Laws that give shareholders a greater say over manager pay appear to be having an impact on Swiss companies, according to pension fund advisory firm Ethos Foundation. While overall remuneration for bosses rose 2% last year, the biggest firms have cut back on lavish bonuses.
The average compensation for chief executives at the biggest 20 Swiss companies last year was CHF7.2 million ($7.4 million), down from CHF8.2 million in 2014. For chairmen it was CHF2.4 million (CHF2.5 million in 2014). Bonuses for executives in large firms fell as the size of their base salary increased.
Furthermore, most companies are sticking to a recommended self-regulation principle that states that bonuses should be no more than three times base salaries.
Ethos, which promotes sustainable investing among its 200 pension fund members, said the change in pay had been influenced by the so-called Minder regulations that came into effect in 2014.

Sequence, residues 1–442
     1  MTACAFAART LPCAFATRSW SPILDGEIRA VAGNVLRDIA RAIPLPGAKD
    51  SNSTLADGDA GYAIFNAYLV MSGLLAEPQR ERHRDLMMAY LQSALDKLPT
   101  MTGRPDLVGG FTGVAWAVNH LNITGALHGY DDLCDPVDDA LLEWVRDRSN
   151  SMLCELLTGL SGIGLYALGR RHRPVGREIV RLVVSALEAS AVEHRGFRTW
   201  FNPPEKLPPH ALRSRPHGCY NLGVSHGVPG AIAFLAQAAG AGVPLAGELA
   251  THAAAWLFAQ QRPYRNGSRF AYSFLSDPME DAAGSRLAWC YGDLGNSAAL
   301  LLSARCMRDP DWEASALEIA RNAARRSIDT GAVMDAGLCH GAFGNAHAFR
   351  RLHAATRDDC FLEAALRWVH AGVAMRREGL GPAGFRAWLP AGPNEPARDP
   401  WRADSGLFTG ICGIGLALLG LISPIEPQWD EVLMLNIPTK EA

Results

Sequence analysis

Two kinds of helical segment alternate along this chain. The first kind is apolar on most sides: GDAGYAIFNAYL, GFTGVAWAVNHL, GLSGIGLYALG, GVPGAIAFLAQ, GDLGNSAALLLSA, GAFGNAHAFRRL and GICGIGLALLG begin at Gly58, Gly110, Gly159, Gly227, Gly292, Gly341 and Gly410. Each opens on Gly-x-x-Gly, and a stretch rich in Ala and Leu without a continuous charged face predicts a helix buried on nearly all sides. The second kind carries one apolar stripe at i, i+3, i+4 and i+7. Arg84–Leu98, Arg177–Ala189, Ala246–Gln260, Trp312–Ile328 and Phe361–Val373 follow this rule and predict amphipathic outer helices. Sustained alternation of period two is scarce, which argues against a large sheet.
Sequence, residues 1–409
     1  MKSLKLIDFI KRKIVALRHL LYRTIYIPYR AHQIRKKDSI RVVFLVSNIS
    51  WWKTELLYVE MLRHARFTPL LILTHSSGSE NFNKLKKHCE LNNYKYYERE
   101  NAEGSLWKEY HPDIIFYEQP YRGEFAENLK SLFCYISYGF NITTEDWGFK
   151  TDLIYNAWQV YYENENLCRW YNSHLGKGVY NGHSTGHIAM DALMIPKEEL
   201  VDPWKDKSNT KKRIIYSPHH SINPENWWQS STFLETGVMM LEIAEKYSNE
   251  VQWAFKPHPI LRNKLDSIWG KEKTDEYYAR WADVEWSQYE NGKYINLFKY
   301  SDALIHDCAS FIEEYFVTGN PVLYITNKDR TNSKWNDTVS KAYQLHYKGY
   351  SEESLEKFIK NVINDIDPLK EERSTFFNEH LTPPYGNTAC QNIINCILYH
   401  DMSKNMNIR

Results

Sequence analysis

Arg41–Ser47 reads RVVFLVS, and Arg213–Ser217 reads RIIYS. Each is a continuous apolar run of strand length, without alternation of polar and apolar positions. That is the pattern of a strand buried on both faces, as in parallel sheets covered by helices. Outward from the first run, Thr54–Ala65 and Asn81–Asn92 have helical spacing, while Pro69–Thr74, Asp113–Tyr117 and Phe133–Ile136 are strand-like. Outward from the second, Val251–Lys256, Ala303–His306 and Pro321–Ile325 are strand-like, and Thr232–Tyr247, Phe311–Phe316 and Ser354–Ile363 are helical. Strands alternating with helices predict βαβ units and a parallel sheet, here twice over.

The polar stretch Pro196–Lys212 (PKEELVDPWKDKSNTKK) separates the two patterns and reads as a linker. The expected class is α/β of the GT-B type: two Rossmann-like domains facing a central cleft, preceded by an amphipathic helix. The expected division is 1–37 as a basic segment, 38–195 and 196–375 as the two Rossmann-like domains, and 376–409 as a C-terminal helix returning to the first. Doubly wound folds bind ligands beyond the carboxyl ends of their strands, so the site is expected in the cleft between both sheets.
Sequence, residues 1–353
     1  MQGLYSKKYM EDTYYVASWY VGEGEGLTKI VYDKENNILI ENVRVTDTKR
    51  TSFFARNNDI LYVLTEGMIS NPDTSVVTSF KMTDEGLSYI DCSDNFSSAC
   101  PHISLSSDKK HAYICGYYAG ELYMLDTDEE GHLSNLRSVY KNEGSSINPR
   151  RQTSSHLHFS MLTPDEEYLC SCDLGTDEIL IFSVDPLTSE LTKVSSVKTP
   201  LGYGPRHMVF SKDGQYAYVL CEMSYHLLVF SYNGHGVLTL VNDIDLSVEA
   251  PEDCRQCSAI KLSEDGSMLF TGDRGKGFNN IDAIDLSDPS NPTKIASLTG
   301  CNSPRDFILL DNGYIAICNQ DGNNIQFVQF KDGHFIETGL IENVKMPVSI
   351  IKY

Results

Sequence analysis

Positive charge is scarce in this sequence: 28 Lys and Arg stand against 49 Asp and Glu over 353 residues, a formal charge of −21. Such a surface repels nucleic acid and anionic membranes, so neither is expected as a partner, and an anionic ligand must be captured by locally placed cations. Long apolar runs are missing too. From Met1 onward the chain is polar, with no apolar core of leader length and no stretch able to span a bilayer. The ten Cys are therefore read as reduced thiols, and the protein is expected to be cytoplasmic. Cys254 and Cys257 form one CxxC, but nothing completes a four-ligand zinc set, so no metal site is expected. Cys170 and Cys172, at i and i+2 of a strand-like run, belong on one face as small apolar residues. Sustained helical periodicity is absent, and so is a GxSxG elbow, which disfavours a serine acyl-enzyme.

In addition to banning bonuses that used to be paid to managers upon joining and leaving firms, the “anti-fat cat” initiative gave shareholders a binding vote on remuneration packages.
However, Ethos believes that more must be done to protect smaller shareholders in particular from corporate excess. The investment advisor is concerned that not all companies publish complete and transparent pay policies and it does not like the fact that in Switzerland not all shares are equal.
Some shares come with greater voting rights than others, leading to imbalances between shareholders. Ethos is currently fighting the Burkard family owners of chemicals company Sika, who want to sell their majority voting share despite owning a much smaller percentage of the firm’s capital.
In future, the transfer of such vote-heavy shares should be approved by two-thirds of all shareholders, Ethos demands.